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Last week was “all inflation all the time," with a little bit of disappointing large bank earnings thrown in. On Tuesday, we got the headline CPI number for December printing at an optically ugly (but anticipated) seven percent. CPI, excluding Food and Energy, did surprise to the upside, coming in at 5.4% year over year.
On top of the seven percent CPI print, we had Chairman Jerome Powell’s job interview with the Senate Fed Chairman confirmation hearings. As expected, the appearance was really another round of Humphrey Hawkins testimony with the only subject being inflation. Chairman Powell promised vigilance regarding inflation, stating that the Fed will use all its tools. Since most of their tools to fight inflation mean potentially undoing all the “doing” they did to spark demand during the pandemic, the rates markets began to price in the 100% probability of four FOMC rate hikes and quicker tapering and run-off of the Fed’s $8 trillion balance sheet. The continued surge in yields battered the growth-heavy NASDAQ the most. As far as disappointment with big bank earnings, we just have to say, “Really?”
- S&P 500 fell .3% for the week. The average daily move was .57%.
- The NASDAQ declined .3% the week. The average daily move for the week was .96%.
- The 2-year Treasury yield rose 11 basis points for the week closing .97% on Friday. Year-over-year high yield .97%, low yield .10%.
- The 10-year Treasury yield rose 3 basis points for the week, closing at 1.79% Friday. Year-over-year high yield 1.79%, low yield .91%.
- The VIX Index increased 2% for the week, closing at 19.19 Friday. Year-over-year high 37.21 and low 15.07.
- The MOVE Index rose 3% for the week, closing at 76.59 on Friday. Year-over-year high 89.45 and low 42.53.
- 5-year Investment Grade Corporates (as measured by Markit CDX) spreads widened 1 basis point for the week closing at 54 basis points Friday. High spread year-over-year high 58.07 and low of 46.56.
- High Yield corporate debt (as measured by Markit CDX) tightened 1 basis point, closing at 307 basis points on Friday, year-over-year high 330, and low 269.
- U.S. Dollar Index was fell .6% for the week closing at 95.17 on Friday. Year-over-year high 96.88 and low 89.44.
- WTI Crude rose 6% for the week using the March WTI Futures contract, closing at 83.3 Friday. High price for the front contract year over year 83.76, and low 47.62.
- Gold, as measured by the February 2022 futures contract rose 1% for the week closing at 1,817 on Friday. High price for the front contract year over year 1,954 and low 1,678.
- Bitcoin rose 3%, closing at 43,322 Friday. High price year over year 67,734 and low 29,865.
The Week Ahead
We come in this morning with Treasury yields continuing to surge. The two-year has breached one percent, currently sitting at 1.02%. The market seems to be pricing in a potential five Fed hikes in 2022. It is not a huge probability yet, according to the Fed Funds futures curve, but it is greater than zero, now. It is a relatively quiet week for economic data with stocks across the globe down a fair amount and the poor NASDAQ leading the way. Earnings season picks up steam this week. The operative word this earnings season could be and should be “free cash flow."
An index is unmanaged and not available for direct investment. Definitions sourced from Bloomberg.
- The Bloomberg Barclays Global Aggregate Negative Yielding Debt Market Value Index represents the portion of the Bloomberg Barclays Global Aggregate Index that measures the aggregate value of global debt with a negative yield.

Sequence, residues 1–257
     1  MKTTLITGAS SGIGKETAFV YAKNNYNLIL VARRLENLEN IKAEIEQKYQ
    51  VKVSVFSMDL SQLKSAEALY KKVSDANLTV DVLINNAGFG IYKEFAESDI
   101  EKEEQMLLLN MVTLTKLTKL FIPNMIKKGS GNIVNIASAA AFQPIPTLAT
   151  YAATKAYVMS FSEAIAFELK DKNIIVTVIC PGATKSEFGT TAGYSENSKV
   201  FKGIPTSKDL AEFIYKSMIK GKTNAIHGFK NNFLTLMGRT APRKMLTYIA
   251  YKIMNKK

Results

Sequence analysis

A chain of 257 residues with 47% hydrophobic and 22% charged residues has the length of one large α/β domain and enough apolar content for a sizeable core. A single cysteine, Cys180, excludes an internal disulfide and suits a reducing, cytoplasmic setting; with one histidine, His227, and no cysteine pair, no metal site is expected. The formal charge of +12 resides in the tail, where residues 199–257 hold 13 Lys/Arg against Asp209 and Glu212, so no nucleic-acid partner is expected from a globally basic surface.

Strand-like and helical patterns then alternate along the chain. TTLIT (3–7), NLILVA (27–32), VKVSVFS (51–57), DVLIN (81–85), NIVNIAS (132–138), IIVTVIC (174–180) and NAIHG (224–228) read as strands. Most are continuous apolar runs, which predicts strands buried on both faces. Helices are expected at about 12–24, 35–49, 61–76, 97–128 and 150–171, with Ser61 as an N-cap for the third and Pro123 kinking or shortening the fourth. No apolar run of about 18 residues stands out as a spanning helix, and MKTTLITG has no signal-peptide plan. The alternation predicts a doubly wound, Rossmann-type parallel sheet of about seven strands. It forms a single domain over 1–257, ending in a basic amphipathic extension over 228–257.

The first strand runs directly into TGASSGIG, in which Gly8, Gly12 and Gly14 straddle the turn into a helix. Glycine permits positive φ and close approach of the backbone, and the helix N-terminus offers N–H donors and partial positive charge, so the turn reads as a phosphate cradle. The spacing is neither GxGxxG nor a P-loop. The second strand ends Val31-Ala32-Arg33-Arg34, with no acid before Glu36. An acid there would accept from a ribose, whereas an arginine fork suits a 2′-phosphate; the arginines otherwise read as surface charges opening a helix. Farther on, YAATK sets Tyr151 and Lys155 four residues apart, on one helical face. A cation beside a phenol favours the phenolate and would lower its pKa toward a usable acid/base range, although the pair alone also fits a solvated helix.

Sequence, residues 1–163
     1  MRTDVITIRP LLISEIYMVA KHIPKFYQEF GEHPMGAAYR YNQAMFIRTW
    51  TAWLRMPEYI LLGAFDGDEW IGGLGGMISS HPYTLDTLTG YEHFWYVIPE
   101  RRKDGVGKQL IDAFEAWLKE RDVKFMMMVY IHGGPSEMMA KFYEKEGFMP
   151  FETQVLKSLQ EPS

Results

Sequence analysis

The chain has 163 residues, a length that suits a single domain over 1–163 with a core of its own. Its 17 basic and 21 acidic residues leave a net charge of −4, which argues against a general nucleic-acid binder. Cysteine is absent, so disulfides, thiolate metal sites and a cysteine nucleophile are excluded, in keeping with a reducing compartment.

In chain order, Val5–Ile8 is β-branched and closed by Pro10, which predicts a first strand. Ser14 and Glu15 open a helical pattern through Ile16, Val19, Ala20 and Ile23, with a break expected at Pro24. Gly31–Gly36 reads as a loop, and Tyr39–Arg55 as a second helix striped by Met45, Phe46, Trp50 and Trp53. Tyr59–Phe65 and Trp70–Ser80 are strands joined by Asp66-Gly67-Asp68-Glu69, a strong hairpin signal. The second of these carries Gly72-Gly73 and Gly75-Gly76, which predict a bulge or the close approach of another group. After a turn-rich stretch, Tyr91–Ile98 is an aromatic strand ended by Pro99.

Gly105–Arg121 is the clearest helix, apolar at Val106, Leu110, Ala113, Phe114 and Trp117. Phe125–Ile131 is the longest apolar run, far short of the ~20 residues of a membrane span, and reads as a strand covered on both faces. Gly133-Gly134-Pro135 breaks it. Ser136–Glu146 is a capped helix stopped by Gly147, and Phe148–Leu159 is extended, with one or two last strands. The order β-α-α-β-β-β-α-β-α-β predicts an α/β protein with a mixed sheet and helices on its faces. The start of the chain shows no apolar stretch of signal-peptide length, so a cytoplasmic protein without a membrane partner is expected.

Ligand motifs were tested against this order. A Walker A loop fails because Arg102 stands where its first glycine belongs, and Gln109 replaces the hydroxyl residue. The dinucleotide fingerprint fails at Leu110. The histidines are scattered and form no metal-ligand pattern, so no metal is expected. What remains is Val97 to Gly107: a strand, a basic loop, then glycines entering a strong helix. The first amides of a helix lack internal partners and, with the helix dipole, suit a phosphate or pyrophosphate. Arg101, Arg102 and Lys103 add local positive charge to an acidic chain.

- The S&P 500® is widely regarded as the best single gauge of large-cap U.S. equities and serves as the foundation for a wide range of investment products. The index includes 500 leading companies and captures approximately 80% coverage of available market capitalization.
- The NASDAQ Composite Index is a broad-based capitalization-weighted index of stocks in all three NASDAQ tiers: Global Select, Global Market and Capital Market. The index was developed with a base level of 100 as of February 5, 1971.
- The Cboe Volatility Index® (VIX) is a calculation designed to produce a measure of constant, 30-day expected volatility of the US stock market, derived from real-time, mid-quote prices of weekly S&P 500® Index (SPX) call and put options with a range of 23 to 37 days to expiration.
- The ICE BofA MOVE Index is a yield curve weighted index of the normalized implied volatility on 1-month Treasury options. It is the weighted average of implied volatilities on the CT2 (Current 2 Year Government Note), CT5 (Current 5 Year Government Note), CT10 (Current 10 Year Government Note), and CT30 (Current 30 Year Government Note), with weights 0.2/0.2/0.4/0.2 respectively.
- The Markit CDX North America Investment Grade Index is composed of 125 equally weighted credit default swaps on investment grade entities, distributed among 6 sub-indices: High Volatility, Consumer, Energy, Financial, Industrial, and Technology, Media & Tele-communications. Markit CDX indices roll every 6 months in March & September.
- The Markit CDX North America High Yield Index is composed of 100 non-investment grade entities, distributed among 2 sub-indices: B, BB. All entities are domiciled in North America. Markit CDX indices roll every 6 months in March & September.
- The U.S. Dollar Index (USDX) indicates the general international value of the USD. The USDX does this by averaging the exchange rates between the USD and major world currencies. Intercontinental Exchange (ICE) US computes this by using the rates supplied by some 500 banks.
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